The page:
Southern Ocean iron cycle provides climate insight

Understanding the Southern Ocean’s nutrient cycle could help experts made more accurate global climate predictions, according to new research.

Researchers analysed data taken from all previous studies of the Southern Ocean and satellite images of the area, to work out how much iron is supplied to the surface waters of the Southern Ocean.

A seasonal process called deep water mixing carries colder nutrient-rich water to the surface, stimulating phytoplankton growth and the aquatic food chain.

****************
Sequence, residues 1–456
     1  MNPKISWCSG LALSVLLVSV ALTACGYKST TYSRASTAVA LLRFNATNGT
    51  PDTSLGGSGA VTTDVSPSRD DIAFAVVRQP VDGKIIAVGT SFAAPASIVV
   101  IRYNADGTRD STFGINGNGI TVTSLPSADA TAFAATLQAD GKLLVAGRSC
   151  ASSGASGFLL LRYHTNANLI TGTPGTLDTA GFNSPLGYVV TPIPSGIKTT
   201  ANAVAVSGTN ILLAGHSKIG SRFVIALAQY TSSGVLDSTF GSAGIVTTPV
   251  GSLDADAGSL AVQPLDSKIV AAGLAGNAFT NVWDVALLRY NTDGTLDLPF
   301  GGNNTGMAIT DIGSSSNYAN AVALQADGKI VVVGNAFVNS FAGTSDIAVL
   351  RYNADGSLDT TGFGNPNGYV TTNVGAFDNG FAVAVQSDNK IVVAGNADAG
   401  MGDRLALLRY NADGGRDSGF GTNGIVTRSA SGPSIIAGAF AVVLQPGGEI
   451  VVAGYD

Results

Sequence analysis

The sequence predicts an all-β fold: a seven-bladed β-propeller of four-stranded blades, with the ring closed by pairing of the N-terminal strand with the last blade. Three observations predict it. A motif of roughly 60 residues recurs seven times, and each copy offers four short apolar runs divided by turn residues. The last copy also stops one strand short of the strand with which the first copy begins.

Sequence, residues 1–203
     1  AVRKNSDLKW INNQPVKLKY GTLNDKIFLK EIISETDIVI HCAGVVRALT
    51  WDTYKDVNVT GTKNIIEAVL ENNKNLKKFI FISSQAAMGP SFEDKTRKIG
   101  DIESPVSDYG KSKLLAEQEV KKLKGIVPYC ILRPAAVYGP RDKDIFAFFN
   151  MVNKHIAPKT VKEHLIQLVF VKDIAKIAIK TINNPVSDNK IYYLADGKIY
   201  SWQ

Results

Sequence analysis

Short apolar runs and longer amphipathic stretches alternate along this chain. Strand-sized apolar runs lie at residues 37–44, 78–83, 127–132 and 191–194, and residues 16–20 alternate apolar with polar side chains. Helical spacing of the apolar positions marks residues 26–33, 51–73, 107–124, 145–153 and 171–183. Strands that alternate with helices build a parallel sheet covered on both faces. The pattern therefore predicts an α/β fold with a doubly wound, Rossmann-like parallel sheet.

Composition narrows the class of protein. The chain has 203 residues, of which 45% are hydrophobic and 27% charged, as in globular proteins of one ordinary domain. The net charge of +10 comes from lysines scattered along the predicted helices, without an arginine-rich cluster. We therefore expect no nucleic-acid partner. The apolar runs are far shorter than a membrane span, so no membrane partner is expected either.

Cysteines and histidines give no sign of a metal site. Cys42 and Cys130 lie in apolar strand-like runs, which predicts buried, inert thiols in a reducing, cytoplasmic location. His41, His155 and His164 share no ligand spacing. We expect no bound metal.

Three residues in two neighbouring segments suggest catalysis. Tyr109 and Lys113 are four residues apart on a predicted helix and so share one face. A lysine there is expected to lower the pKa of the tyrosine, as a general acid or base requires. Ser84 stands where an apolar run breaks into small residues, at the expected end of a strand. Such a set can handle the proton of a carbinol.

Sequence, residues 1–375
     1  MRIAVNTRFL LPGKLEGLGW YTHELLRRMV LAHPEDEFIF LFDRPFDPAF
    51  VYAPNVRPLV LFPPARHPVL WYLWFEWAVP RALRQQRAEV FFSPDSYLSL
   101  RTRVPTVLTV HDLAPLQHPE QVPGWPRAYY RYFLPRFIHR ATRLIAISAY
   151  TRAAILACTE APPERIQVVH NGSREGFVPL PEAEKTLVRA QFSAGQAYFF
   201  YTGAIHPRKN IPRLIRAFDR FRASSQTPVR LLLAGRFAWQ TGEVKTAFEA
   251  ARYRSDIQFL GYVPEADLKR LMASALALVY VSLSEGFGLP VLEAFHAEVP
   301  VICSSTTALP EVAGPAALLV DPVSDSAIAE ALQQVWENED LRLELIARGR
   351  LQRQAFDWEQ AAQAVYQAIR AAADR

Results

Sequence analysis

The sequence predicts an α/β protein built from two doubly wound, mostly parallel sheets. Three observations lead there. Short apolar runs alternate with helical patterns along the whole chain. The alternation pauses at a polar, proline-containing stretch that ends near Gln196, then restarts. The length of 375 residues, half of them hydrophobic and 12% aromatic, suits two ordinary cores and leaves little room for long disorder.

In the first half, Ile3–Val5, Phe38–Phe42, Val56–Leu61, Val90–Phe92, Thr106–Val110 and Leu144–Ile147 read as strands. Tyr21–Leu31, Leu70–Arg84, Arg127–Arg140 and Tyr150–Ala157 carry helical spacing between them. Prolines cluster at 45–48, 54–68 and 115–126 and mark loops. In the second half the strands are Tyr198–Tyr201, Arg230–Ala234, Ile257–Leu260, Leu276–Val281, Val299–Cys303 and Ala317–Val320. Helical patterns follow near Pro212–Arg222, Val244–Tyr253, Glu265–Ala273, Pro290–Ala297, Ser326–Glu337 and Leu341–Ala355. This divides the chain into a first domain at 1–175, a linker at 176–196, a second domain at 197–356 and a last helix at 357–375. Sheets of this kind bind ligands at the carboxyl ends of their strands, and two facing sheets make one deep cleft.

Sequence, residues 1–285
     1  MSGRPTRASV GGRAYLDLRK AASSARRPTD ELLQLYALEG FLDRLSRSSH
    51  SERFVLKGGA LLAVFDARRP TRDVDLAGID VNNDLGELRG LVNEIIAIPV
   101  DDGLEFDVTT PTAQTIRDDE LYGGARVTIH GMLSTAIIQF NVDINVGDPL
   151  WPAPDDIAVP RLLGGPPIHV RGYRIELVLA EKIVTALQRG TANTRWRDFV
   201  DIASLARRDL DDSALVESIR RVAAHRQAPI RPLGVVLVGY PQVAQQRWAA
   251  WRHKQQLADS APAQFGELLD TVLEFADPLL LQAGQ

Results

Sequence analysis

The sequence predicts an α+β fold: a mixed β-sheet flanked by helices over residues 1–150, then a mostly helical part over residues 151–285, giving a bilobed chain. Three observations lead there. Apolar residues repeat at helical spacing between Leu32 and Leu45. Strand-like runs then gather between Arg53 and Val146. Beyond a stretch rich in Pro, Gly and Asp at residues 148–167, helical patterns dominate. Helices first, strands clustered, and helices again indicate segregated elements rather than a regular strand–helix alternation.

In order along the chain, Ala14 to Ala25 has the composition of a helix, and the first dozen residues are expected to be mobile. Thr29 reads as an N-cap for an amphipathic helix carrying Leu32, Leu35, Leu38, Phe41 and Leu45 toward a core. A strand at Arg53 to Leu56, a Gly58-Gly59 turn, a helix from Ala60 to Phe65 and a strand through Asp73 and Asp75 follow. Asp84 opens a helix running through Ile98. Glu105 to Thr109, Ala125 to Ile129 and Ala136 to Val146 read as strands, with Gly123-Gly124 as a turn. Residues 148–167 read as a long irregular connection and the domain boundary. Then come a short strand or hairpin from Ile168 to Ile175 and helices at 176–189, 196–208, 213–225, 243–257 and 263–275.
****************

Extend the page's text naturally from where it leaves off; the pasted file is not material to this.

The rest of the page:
Oceanographer Alessandro Tagliabue said iron limits biological productivity and air to sea CO2 exchange in the region, meaning the Southern Ocean’s nutrient supply would be affected differently by changes to climate compared to other oceans.

Read more at University of Liverpool